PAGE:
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Old 2020-05-03, 01:46   #6
Dr Sardonicus
 
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Feb 2017
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Quote:
Originally Posted by Tomws View Post
And secondly given the well known proof that there are an infinite number of primes, how many digits are there in the answer if all primes less than or equal to 'my' prime are multiplied together?
Believe it or not, this question runs you smack-dab into the Prime Number Theorem (PNT)!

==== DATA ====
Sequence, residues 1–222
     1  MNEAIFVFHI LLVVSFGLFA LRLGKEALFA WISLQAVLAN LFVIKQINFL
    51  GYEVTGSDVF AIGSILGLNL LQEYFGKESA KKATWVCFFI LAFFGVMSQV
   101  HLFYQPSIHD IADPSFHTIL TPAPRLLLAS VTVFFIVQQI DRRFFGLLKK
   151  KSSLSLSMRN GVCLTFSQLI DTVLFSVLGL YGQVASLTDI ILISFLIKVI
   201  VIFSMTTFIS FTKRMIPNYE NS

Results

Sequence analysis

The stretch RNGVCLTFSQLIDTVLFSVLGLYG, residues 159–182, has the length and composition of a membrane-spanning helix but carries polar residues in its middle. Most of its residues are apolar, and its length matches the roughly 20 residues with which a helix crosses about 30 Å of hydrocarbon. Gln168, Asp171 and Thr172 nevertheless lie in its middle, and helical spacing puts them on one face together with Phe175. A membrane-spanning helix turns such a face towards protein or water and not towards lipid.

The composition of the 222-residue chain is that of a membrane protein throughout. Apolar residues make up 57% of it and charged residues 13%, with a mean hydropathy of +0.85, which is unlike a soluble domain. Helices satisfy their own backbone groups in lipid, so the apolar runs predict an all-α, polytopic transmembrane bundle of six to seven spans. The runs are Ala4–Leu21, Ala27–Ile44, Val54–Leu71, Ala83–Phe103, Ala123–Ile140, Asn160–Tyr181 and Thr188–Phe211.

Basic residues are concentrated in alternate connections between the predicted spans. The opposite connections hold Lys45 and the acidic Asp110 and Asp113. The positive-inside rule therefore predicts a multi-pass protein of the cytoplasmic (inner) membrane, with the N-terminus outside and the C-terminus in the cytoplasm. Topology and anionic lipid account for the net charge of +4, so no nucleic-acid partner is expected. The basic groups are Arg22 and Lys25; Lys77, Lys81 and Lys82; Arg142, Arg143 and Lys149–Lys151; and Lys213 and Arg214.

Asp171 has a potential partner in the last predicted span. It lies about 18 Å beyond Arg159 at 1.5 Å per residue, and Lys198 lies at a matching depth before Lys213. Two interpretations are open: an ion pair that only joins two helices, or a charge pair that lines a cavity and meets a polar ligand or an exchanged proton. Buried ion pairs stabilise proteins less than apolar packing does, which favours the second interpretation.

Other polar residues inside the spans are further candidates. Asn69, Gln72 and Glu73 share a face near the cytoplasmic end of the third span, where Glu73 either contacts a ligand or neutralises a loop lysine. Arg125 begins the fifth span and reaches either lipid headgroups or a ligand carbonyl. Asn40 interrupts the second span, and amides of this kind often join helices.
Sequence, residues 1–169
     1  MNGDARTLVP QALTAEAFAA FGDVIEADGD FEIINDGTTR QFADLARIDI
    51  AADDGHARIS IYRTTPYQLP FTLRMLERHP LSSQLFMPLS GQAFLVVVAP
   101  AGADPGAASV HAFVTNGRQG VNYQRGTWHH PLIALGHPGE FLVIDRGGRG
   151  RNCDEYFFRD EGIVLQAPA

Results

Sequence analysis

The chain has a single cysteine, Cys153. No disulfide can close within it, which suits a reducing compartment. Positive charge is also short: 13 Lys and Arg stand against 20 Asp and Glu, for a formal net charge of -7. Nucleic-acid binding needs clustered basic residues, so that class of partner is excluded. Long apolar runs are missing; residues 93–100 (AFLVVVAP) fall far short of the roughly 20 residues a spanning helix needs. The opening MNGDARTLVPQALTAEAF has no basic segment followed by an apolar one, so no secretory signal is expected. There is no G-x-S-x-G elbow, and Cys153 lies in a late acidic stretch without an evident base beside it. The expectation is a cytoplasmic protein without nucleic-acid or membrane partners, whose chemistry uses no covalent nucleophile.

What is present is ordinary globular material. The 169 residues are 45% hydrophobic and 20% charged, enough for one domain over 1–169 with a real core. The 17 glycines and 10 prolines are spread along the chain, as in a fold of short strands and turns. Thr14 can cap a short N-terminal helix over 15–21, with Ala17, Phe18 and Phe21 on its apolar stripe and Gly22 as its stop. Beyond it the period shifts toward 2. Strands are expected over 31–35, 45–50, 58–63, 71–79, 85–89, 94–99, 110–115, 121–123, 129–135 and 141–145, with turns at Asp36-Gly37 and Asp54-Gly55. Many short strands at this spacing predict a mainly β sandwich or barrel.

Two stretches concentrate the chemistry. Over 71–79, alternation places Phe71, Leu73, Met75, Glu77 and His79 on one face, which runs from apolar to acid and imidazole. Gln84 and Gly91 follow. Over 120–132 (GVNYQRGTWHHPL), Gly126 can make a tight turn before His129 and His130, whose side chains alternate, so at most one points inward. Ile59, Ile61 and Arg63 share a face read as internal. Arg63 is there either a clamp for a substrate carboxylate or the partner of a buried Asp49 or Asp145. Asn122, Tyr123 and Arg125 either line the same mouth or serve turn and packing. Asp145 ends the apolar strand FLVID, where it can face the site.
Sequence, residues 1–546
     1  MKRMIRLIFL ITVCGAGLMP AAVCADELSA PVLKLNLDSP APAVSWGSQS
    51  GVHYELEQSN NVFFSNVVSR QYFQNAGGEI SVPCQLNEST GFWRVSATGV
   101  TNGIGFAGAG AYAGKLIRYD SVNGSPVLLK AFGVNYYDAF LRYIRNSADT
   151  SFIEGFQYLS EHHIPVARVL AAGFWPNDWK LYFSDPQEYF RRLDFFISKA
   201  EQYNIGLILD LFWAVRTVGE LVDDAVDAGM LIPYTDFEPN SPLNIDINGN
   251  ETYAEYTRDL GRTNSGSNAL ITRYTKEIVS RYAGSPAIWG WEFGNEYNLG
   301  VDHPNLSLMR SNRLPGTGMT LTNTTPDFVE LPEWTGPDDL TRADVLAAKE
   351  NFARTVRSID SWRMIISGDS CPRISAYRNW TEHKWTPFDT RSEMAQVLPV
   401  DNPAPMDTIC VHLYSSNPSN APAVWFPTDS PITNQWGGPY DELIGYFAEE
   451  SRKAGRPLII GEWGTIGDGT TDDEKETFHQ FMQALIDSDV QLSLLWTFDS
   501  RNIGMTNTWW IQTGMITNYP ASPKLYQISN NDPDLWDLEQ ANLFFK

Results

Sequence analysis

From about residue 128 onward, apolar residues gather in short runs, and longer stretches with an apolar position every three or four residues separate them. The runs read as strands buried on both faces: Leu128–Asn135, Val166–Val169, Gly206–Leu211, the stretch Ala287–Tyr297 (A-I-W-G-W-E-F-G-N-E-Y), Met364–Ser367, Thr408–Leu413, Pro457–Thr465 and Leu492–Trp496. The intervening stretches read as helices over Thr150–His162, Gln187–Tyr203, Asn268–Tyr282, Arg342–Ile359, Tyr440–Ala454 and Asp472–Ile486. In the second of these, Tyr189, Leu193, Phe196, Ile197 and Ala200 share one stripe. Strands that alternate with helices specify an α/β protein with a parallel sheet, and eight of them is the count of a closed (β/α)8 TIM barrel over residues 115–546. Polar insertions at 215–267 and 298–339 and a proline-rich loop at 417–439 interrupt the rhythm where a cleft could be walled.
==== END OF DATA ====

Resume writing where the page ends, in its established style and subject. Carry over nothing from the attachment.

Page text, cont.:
Alas, the answer is not known as precisely as one might wish, but still...

What you want is a "reasonable" estimate for

log(2) + log(3) + ... + log(p),

where p is the largest prime <= X, X some "large" positive number. In PNT-related literature, it is the natural log, log to the base e, or ln, that is used. And a statement equivalent to PNT is

\sum_{p\le X}\ln(p) \;\sim \; X

(ratio of RHS to LHS approaches 1 as X increases without bound) so that the number of decimal digits in the product of the primes up to X is something like X/ln(10).
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